Sunday, February 14, 2010

Air Freight In The UK - A Review Of Regional Cargo Airports

Growing Casualty List Indicates the Demise of a Cottage Industry
Shipping News Feature

UK – Researching the background for a piece on the development of small, local air traffic centres can prove to be a depressing task. A list of homely British towns and villages, each containing airstrips, many of which were developed during and following World War II, once seemed to promise a bright future as the pulse of freight and passenger transport quickened into the 1980’s and 90’s. Sadly now a litany of failed ventures bear witness to abandoned schemes stymied by over ambition or local and Government planning constraints.

Critics will be quick to point to the fact that some freight still moves through these smaller centres but they have certainly suffered, along with the rest of the shipping industry, and many have even lost the small niche markets which used to be their bread and butter. Southend is set for a revival but is meeting some bitter local opposition and, like so many others, will always look toward a future handling more passenger traffic with its added economic benefits. Much of its old Channel Island trade has ended up at Bournemouth which still maintains some regular trade as well as ad hoc cargo flights. Leeds Bradford have accepted that the decline in shipments they have suffered in the last twelve years or so is likely to be the status quo for the foreseeable future.

This week sees a possible light on the horizon for at least two such sites, Coventry Airport and Durham Tees Valley Airport both of whom are hoping that freight shipments may begin to pass across their runways in the near future, albeit in small quantities initially. Paul Bradley, Managing Director of Camair Freight Solutions told us:

“We are the last remaining forwarder at Durham Tees Valley and there has been no worthwhile freight movement through here in the past ten years. We intend to work to improve the airfreight services for local businesses in the Durham and North Yorkshire areas and, with this is mind have been in discussion with KLM for the past few months to reintroduce cargo services for an initial trial period of six months.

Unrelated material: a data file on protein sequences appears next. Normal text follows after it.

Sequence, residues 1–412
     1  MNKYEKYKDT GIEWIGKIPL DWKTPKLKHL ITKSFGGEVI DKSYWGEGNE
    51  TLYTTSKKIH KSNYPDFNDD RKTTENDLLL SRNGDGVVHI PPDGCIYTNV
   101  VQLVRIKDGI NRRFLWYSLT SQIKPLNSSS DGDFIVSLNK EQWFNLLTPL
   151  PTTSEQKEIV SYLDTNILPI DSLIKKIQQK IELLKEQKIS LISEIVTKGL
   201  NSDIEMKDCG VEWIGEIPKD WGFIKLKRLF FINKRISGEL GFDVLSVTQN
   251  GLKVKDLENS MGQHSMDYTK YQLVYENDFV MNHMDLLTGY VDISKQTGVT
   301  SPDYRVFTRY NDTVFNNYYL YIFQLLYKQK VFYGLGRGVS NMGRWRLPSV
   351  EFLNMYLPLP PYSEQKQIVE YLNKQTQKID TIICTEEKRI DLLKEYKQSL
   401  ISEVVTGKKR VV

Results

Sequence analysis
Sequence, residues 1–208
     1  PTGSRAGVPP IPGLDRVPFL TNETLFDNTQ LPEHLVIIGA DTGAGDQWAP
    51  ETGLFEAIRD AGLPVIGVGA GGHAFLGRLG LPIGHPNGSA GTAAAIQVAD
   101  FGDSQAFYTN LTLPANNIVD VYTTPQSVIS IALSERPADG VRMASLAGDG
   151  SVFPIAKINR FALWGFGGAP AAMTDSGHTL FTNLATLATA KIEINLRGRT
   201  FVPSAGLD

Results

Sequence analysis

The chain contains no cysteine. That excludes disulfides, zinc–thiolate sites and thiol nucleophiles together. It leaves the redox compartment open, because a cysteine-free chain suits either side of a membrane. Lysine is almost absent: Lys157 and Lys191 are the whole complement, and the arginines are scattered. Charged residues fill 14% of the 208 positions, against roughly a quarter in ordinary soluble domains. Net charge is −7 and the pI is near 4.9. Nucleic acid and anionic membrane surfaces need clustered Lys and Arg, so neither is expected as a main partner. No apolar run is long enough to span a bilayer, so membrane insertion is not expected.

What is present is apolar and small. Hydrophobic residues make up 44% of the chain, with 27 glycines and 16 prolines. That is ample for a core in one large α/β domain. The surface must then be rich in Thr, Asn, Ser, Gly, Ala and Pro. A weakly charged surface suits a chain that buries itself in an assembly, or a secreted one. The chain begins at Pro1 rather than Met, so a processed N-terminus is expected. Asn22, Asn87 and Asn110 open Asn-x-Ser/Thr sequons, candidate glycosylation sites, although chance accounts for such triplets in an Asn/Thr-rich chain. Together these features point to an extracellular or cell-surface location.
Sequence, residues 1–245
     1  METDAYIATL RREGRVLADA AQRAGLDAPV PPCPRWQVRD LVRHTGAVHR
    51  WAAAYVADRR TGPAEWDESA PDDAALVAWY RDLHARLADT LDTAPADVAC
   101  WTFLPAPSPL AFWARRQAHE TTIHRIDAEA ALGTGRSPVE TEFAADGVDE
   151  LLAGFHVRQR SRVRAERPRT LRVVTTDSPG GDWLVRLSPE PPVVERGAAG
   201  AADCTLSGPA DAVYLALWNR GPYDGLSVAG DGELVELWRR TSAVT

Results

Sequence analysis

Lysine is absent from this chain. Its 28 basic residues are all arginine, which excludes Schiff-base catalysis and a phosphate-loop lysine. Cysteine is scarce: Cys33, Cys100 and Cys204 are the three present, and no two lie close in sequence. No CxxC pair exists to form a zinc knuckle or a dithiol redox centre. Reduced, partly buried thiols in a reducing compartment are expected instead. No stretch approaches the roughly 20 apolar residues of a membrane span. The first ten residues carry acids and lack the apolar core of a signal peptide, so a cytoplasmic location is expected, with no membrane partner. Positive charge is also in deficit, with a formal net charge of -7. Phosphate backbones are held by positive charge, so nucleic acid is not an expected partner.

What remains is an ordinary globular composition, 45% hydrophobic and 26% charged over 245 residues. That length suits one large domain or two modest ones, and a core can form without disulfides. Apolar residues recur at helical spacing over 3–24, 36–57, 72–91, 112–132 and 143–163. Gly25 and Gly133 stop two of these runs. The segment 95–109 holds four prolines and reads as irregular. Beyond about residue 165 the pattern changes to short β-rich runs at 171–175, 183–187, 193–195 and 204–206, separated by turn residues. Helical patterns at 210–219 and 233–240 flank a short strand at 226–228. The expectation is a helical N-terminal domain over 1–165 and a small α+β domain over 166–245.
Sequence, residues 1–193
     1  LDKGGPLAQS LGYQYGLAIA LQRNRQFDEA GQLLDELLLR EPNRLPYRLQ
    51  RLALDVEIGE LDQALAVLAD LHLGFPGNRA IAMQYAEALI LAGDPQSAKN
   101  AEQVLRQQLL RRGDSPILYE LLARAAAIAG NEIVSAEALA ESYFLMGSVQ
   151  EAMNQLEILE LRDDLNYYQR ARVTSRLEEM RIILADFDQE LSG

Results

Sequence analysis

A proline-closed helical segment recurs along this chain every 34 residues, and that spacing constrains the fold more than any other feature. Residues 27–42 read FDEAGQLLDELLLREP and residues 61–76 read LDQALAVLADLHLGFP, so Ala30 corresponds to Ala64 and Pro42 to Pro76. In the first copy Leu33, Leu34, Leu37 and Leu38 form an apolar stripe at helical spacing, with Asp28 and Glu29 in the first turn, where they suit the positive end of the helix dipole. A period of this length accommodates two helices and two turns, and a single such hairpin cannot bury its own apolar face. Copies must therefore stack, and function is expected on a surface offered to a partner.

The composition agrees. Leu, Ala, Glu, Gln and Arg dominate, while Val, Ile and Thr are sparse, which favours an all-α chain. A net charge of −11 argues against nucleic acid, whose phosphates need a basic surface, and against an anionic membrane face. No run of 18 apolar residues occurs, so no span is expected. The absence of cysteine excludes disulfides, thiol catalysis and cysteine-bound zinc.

“There are possibilities for the swifter transfers for items such as vital ships stores and we are looking to local businesses and freight forwarders to encourage the growth of the service, which we feel is needed in this area.”

KLM envisage a useful link to their international services via Schiphol. Fresh fish produce from the North East Yorkshire ports could be flown worldwide with minimal delays and the Tees Valley itself has a healthy petro chemical industry.

The airport was to be home of the Skylink Business Park project, an ambitious scheme to rejuvenate the areas transport infrastructure and provide a million square feet of warehousing space but the airports owners, Peel Holdings, who number Peel Ports and Manchesters Trafford Centre amongst their assets, could not advise us of when or if the development would be proceeding. Peel Airports, who also own Liverpool’s John Lennon and Doncaster – Sheffield Robin Hood airports would obviously be keen to see a resurgence of freight traffic through their facility. In the last few days however the weblink to the Skylink Project seems to have been removed from the Peel Group website.

Meanwhile plans for Coventry Airport suffered a major setback this week and await confirmation that the proposed takeover by the Swiss company, Airport Development Partners, who are a subsidiary of US based investment firm Westcore has been cancelled. ADP specialise in refunding regional European airports, a long term strategy which is even better served by their tailoring of refinancing the facilities individually for each project. Coventry is currently owned by the local City Council and they would no doubt relish the renewed competition for business with neighbours Birmingham and East Midlands airports. Our approaches to ADP for a statement on Friday came to nothing and today the BBC reports today state the deal is in fact off.

Former owners CAFCO had permission to develop permanent terminal and passenger facilities refused by the UK Government in 2007 and that signalled its demise and leading to its closure in December after the Civil Aviation Authority through NATS issued Notices to Airmen (NOTAM) stating closure of the air traffic zone and revoking the sites licence. Prior to operating again future owners will need to satisfy the CAA and presumably local planning officers that the site is fit to return to full service. It is thought that these hurdles, coupled with the cost of refurbishing the facilities to an acceptable level are likely to have spiked the deal. Therefore despite much positive press reports that a local firm are looking to take over the site remain just speculation at the moment.

Photo: Coventry Airport Runway.